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Multilevel competing risks in the evaluation of nosocomial infections: time to move on from proportional hazards and even from hazards altogether
Critical Care volume 18, Article number: 146 (2014)
A competing risk is an event (for example, death in the ICU) that hinders the occurrence of an event of interest (for example, nosocomial infection in the ICU) and it is a common issue in many critical care studies. Not accounting for a competing event may affect how results related to a primary event of interest are interpreted. In the previous issue of Critical Care, Wolkewitz and colleagues extended traditional models for competing risks to include random effects as a means to quantify heterogeneity among ICUs. Reported results from their analyses based on cause-specific hazards and on sub-hazards of the cumulative incidence function were indicative of lack of proportionality of these hazards over time. Here, we argue that proportionality of hazards can be problematic in competing-risk problems and analyses must consider time by covariate interactions as a default. Moreover, since hazards in competing risks make it difficult to disentangle the effects of frequency and timing of the competing events, their interpretation can be murky. Use of mixtures of flexible and succinct parametric time-to-event models for competing risks permits disentanglement of the frequency and timing at the price of requiring stronger data and a higher number of parameters. We used data from a clinical trial on fluid management strategies for patients with acute respiratory distress syndrome to support our recommendations.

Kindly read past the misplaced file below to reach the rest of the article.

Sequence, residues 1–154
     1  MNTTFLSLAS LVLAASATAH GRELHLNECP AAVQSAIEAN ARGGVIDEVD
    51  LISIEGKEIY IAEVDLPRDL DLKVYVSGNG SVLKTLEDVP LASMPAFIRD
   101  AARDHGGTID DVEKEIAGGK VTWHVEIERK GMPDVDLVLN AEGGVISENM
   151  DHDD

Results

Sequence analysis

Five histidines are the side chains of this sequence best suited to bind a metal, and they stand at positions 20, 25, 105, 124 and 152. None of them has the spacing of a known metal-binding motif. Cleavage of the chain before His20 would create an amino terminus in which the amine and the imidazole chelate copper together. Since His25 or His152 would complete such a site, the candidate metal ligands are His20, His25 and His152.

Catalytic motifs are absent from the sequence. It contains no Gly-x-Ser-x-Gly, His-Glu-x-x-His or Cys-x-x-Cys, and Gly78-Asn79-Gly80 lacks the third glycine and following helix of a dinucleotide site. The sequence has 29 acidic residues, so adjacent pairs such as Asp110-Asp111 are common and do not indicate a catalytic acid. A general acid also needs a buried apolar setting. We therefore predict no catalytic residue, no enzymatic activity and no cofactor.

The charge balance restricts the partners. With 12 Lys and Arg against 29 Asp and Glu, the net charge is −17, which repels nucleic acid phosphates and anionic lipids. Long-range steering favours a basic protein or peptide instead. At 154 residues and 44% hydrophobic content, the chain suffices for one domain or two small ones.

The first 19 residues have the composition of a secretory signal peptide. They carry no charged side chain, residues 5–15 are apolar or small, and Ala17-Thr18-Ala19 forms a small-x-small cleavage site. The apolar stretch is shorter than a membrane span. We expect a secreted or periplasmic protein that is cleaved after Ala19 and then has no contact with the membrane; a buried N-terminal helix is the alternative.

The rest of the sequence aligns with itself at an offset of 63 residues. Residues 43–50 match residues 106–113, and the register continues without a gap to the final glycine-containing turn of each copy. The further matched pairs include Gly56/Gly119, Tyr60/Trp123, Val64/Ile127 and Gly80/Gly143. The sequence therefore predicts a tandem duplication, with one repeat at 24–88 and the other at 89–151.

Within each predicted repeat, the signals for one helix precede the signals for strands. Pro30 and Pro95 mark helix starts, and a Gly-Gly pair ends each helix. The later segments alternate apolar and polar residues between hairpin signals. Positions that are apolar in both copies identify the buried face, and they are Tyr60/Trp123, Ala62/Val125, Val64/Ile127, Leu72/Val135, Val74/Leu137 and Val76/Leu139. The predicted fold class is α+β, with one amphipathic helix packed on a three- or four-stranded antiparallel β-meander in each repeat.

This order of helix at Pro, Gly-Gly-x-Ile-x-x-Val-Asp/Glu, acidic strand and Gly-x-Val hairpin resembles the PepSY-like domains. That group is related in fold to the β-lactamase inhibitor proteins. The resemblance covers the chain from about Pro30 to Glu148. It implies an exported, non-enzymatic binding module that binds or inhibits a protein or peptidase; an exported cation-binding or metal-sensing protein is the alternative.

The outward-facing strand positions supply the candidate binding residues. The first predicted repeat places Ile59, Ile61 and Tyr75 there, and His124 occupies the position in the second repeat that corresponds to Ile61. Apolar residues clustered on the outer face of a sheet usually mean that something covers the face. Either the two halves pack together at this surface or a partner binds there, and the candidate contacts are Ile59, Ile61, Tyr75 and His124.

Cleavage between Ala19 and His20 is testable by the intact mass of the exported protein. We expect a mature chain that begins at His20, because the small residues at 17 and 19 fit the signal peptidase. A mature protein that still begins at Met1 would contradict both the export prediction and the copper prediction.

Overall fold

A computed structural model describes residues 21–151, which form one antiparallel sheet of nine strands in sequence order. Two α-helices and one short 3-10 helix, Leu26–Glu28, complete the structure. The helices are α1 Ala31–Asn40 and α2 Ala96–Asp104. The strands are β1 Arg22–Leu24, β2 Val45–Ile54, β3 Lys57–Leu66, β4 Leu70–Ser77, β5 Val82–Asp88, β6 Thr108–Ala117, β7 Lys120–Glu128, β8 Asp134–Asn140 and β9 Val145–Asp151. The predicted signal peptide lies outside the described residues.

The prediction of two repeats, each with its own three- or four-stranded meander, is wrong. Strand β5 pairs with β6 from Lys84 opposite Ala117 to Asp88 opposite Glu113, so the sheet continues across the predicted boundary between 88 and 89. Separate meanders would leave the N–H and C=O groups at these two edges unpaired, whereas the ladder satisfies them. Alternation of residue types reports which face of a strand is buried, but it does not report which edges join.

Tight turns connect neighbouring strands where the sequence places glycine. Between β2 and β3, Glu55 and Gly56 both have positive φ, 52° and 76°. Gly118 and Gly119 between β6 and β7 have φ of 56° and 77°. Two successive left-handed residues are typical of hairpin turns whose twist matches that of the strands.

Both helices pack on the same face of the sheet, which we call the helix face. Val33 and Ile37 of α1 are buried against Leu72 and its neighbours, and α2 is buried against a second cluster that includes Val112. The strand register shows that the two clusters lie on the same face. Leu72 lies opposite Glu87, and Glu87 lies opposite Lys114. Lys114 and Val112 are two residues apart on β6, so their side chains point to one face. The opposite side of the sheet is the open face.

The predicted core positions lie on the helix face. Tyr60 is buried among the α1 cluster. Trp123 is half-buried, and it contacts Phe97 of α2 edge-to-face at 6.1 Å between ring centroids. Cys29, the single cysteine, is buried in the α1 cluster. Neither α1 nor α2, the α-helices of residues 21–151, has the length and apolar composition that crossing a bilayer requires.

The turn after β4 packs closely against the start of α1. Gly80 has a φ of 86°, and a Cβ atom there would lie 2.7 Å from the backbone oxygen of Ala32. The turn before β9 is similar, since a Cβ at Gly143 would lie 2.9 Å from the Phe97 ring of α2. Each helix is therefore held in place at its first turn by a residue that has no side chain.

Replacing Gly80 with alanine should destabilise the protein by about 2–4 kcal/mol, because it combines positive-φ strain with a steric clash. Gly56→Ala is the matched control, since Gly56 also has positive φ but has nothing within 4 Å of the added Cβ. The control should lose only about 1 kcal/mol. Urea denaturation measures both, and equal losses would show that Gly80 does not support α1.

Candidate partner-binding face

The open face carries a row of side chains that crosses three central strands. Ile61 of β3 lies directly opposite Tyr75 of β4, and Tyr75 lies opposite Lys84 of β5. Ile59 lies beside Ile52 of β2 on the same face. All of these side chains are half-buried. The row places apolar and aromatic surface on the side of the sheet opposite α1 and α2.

In the previous issue of Critical Care, Wolkewitz and colleagues  analyzed data from a multi-center cohort study of 159 ICUs and 109,202 admissions to better understand how both patient-level and ICU-level characteristics affect nosocomial infections (NIs). NIs are a leading cause of death in the ICU despite being largely preventable . Reductions of up to 70% have been achieved via infection control strategies for specific NIs , but this has not been universal across settings. Thus, it is important to define both high-risk patients and high-risk settings and identify interventions that prevent NIs, for which data analysis methods to determine risk factors for specific events are pertinent. Wolkewitz and colleagues  acknowledge the difficulty of the problem caused by heterogeneity across ICUs and the importance of competing risks when analyzing risk factors for NIs and present a statistical approach to handle both of these complexities.
Heterogeneity across intensive care units
In recent years, increasing attention has been given to the role of ICU organization and processes of care on patient-centered outcomes [4–9]. Some of these previous investigations have also recognized substantial heterogeneity in ICU organization [4, 9] that can contribute to variations in rates of mortality of critically ill patients across hospitals and may help explain why some interventions achieve improvements only in specific settings. By using a multilevel approach to analyze patient-level and ICU-level characteristics, Wolkewitz and colleagues thereby avoid loss of valuable information that may help explain differences in clinical outcomes.
Competing risks in critical care
Competing risks are important in the ICU because a large proportion of patients may be discharged or die before developing the event of interest (for example, NIs). To account for competing risks, Wolkewitz and colleagues  extended methods to compare cause-specific hazards (CSHs) and sub-hazards (SUBHs) of the cumulative incidence functions between study groups  by incorporating random effects to quantify heterogeneity. However, despite wide recognition that proportionality of hazards does not occur in most situations, their results are presented under such an assumption.
Time to move on from proportionality of hazards